Olympics-IOC confident Saudi women will compete in London
BERLIN, March 19
BERLIN, March 19 (Reuters) - Saudi Arabia looks set to send women athletes to an Olympics for the first time later this year.
The Saudis, Brunei and Qatar have never previously included females in their teams and the International Olympic Committee (IOC) is eager to see that situation change in London in July.
The IOC said on Monday that Saudi Arabian Olympic Committee officials presented a list of potential candidates for the London Games during a meeting at its headquarters in Lausanne last week.
"After the assessment of the level of each athlete by the IOC and the international federations concerned, a formal proposal will be submitted to the next meeting of the IOC executive board in Quebec City in May," it said in a statement.
"The IOC is confident Saudi Arabia is working to include women athletes and officials at the Olympic Games in London in accordance with the rules of the international federations."
Human Rights Watch criticised Olympic organisers last month for what it said was their tolerance of gender discrimination by the Gulf Arab states of Saudi Arabia and Qatar, as well as the tiny southeast Asian nation of Brunei.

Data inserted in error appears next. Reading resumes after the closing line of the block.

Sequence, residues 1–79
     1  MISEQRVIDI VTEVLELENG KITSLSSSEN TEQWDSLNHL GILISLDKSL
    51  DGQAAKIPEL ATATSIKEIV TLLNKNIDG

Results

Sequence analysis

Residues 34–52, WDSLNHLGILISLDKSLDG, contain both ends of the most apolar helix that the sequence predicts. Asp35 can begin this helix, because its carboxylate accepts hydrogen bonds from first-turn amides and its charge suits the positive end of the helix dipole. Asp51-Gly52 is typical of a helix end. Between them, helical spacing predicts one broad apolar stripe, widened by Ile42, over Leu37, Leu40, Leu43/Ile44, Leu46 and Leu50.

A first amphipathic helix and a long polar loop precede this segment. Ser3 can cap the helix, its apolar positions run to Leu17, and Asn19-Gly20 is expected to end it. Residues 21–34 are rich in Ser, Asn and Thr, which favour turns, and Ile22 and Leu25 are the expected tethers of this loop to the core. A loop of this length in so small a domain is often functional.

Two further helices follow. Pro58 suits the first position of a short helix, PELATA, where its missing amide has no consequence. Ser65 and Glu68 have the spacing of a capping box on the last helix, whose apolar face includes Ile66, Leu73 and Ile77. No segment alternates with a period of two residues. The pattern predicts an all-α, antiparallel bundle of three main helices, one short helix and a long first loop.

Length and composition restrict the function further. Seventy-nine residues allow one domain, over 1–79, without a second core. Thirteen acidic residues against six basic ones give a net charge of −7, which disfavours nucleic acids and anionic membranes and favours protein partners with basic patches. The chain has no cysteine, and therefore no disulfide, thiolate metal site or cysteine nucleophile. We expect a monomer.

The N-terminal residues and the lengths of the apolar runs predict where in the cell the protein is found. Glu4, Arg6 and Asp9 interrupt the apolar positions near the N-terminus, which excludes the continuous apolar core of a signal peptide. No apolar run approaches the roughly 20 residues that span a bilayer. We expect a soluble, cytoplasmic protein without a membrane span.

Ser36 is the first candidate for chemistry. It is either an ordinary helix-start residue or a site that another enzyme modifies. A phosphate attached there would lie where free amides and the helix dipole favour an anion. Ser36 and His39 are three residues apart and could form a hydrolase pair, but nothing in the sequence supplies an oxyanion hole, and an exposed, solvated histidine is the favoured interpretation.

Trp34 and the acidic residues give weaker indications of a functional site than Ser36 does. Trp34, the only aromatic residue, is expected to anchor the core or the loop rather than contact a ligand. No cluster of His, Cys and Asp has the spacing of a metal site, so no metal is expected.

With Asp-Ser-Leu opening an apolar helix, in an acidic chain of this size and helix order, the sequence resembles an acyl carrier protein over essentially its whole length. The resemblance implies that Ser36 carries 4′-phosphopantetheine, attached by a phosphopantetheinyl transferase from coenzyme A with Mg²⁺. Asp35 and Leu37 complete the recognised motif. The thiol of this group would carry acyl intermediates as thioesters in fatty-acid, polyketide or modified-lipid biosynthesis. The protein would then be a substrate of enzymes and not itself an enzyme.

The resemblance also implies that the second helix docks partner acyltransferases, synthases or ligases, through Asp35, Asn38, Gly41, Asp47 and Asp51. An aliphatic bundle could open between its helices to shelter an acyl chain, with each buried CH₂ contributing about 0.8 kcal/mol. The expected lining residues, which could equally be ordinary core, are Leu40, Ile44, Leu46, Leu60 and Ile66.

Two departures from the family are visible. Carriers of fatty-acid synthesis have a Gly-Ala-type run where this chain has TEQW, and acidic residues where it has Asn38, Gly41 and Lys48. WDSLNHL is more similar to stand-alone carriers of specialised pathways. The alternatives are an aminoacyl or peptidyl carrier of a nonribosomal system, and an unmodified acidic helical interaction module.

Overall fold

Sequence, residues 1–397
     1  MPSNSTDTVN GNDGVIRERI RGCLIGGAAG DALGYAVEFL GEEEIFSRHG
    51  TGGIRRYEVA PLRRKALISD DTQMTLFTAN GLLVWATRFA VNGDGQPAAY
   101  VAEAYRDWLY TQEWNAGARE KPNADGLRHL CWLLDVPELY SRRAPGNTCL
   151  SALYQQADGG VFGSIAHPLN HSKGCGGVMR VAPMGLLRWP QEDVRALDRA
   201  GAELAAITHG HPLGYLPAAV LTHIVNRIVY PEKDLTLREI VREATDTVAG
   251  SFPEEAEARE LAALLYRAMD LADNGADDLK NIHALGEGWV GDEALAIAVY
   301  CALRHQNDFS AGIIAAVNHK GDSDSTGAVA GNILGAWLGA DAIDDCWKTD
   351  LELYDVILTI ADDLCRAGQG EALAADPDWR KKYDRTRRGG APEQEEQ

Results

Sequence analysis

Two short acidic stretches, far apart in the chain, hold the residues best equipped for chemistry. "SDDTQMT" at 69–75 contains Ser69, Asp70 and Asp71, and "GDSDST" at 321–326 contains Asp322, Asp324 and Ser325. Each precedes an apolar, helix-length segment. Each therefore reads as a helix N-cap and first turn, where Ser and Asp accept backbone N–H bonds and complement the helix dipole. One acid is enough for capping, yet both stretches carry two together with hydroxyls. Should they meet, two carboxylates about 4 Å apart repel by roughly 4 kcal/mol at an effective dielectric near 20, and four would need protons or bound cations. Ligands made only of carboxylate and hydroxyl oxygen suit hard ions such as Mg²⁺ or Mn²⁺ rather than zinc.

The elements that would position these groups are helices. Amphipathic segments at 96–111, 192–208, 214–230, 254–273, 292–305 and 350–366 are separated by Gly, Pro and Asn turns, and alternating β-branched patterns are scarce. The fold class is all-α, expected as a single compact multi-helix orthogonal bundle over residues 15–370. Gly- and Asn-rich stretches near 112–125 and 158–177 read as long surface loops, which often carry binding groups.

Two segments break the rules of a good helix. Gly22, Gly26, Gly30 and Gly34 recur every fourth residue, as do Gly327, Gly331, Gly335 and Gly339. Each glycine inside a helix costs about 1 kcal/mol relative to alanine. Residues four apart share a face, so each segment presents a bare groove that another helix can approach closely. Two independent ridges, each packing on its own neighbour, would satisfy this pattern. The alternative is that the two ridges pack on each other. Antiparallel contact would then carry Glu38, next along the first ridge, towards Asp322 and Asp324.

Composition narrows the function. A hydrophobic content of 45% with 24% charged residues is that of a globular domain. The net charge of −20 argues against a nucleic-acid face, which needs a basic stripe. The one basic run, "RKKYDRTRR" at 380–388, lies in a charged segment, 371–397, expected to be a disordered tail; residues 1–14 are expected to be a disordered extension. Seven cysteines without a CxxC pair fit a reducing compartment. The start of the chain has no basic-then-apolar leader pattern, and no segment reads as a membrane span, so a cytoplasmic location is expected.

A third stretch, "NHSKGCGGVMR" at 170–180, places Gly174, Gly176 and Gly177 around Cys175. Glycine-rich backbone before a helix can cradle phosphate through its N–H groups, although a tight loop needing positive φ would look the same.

Qatar, bidding to host the 2020 Games, said last month it would send female athletes to the Olympics for the first time.
The IOC has offered Qatar wildcard invitations for two female athletes to compete in London, swimmer Nada Arkaji and sprinter Noor al-Malki.
Sport in the patriarchal society of Saudi Arabia has long been reserved as an activity for men, with stadiums prohibiting females. (Reporting by Karolos Grohmann, editing by Tony Jimenez)
- Sierra Leone's chief Ebola doctor contracts the virus
- Gaza bloodshed deepens as airlines shun Israel |
- TransAsia Airways plane crashes in typhoon-hit Taiwan, killing 47
- Two Ukrainian fighter jets shot down over rebel-held territory
- South Korea ferry fugitive hid behind cabin wall, bags of cash at hand